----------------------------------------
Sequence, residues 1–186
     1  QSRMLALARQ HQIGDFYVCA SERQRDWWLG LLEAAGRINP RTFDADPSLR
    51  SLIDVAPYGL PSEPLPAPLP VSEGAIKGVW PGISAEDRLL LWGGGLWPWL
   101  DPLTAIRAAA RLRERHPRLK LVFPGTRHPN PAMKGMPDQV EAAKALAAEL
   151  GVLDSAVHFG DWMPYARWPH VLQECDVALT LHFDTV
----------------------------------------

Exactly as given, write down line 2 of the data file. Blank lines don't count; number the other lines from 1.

     1  QSRMLALARQ HQIGDFYVCA SERQRDWWLG LLEAAGRINP RTFDADPSLR